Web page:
Question 29.

What is defined by control limits?

A. A measuring instrument solely used to describe process capability. The process is found capable if the ±3 sigma range is exceeded by not more than 0.3% of a tested sample lot.

B. The limits of the six sigma area on either side of a control chart to plot measured values; data found outside the area are out of specification and can lead to rejection of an entire batch.

C. The area consisting of typically three standard deviations on either side of a mean value of a control chart to plot measured values found in statistical quality control

D. The area consisting of typically three standard deviations on either side of a mean value of a control chart to plot measured values found in quality assurance

## Oliver 75 - 29th Question

- jyotimayank
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- jyotimayank
- Expert

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iZenbridge Consultancy Pvt Ltd

### Re: Oliver 75 - 29th Question

The correct answer is C.

PMBOK® Guide Fifth Edition defines

For repetitive process, the control limits are generally set at +_ 3 sigma around a process variable X or process mean i.e. Centre Line. Upper control limit is drawn at 3 standard deviations above the process mean and lower control is drawn at 3 standard deviations below the centre line or process mean.

These limits are established to predict if process needs corrective action to bring process performance in line with needed stability and capability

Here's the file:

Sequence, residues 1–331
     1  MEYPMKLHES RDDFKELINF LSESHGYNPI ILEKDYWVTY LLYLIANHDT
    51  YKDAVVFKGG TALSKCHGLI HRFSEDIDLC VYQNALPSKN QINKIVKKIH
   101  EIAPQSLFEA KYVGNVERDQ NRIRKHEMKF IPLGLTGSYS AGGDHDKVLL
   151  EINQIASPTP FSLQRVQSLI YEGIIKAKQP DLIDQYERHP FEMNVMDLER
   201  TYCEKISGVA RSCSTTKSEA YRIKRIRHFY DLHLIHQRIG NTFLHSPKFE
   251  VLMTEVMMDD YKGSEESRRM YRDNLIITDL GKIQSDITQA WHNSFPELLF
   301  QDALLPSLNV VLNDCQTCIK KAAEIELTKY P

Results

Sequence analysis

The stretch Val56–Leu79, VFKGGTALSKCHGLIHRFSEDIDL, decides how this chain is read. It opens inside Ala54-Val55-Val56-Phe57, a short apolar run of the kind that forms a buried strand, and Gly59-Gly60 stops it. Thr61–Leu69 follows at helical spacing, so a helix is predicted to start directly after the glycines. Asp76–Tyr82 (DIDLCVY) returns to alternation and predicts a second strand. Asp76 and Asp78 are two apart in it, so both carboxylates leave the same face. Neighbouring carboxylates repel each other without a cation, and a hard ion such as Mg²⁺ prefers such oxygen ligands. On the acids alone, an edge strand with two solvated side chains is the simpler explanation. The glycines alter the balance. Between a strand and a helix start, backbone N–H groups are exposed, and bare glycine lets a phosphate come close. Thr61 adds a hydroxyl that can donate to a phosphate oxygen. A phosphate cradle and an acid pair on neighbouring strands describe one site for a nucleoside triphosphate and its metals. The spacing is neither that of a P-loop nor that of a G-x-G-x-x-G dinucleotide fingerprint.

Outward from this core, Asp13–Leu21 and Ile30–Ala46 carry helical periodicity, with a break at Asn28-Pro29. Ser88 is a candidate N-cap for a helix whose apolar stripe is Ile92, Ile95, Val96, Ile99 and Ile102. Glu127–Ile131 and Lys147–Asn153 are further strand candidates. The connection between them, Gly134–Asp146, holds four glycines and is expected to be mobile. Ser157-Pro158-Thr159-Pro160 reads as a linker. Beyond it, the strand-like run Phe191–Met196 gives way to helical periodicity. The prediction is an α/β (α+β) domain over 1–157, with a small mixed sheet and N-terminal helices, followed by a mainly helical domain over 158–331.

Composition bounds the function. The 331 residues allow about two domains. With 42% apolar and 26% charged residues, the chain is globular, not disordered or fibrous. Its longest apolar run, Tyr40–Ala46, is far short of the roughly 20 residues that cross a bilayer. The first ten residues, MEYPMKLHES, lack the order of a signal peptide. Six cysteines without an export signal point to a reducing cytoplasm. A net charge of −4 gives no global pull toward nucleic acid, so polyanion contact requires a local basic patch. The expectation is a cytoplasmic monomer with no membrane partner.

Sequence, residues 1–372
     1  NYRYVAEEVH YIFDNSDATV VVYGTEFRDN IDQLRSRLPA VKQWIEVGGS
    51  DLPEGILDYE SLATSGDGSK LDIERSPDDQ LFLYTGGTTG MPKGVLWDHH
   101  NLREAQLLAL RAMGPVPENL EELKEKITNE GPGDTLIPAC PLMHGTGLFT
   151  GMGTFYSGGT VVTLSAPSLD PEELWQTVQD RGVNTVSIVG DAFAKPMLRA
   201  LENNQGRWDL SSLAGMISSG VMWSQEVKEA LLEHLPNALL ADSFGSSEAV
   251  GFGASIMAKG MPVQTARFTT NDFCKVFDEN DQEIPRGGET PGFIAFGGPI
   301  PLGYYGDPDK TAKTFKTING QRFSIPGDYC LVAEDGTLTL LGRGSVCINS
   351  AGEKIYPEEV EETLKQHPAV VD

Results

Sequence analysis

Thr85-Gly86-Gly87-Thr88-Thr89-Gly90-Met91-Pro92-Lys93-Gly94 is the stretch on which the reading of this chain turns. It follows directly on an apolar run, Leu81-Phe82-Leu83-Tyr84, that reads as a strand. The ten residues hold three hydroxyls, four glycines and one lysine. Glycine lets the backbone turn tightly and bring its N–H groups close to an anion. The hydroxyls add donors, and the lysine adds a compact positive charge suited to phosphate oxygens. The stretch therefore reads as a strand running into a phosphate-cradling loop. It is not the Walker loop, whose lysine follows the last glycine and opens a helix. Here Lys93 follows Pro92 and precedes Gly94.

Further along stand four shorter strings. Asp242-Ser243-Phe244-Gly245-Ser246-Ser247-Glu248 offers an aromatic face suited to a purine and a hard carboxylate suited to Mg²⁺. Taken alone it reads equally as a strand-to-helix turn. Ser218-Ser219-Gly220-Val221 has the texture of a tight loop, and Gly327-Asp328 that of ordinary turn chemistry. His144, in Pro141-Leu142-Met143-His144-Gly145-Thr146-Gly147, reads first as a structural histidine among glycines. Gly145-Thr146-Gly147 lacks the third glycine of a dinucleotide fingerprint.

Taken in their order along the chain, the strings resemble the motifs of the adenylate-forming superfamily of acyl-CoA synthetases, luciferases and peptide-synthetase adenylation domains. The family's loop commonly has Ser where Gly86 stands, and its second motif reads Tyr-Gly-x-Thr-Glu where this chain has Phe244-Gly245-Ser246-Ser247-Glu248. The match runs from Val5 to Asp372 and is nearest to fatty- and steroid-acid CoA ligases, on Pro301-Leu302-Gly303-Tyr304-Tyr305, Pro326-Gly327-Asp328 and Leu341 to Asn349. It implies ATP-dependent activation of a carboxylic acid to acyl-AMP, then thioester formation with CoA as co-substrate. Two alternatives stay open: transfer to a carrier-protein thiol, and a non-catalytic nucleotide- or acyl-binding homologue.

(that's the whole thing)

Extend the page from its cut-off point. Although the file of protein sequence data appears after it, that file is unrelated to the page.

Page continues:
Data points within +- 3 sigma are thought as “in Control”, and within acceptable limits excluding the rule of seven (described later).

Data points are within +-3 sigma means these data points are not crossing either of control limit. Anything beyond control limit requires investigation.

When 7 consecutive data points are presented on either side of mean, then “process is considered Out Control” based on heuristic of Rule of Seven.

Refer to Page 238-239 0f PMBOK® Guide 5th Edition

For more insight of this topic refer to the following blog

http://www.izenbridge.com/blog/control- ... lity-tool/

PMBOK® Guide Fifth Edition defines

**Control Limits**asUpper and lowerThe area composed of three standard deviations on either side of the centerline or mean of a normal distribution of data plotted on a control chart, which reflects the expected variation in the data.

**control limits**are established for the control chart and normally using statistical analysis or from historical records. Data points of a process are plotted to perform trend analysis toward either of control limits and with respect to centre line.For repetitive process, the control limits are generally set at +_ 3 sigma around a process variable X or process mean i.e. Centre Line. Upper control limit is drawn at 3 standard deviations above the process mean and lower control is drawn at 3 standard deviations below the centre line or process mean.

These limits are established to predict if process needs corrective action to bring process performance in line with needed stability and capability

Data points within +- 3 sigma are thought as “in Control”, and within acceptable limits excluding the rule of seven (described later).

Data points are within +-3 sigma means these data points are not crossing either of control limit. Anything beyond control limit requires investigation.

When 7 consecutive data points are presented on either side of mean, then “process is considered Out Control” based on heuristic of Rule of Seven.

Refer to Page 238-239 0f PMBOK® Guide 5th Edition

For more insight of this topic refer to the following blog

**Control Chart as a Component of Seven Basic Quality Tool**http://www.izenbridge.com/blog/control- ... lity-tool/

**Jyoti Gupta**

PMP Mentor & Coach

PMP Mentor & Coach

iZenbridge Consultancy Pvt Ltd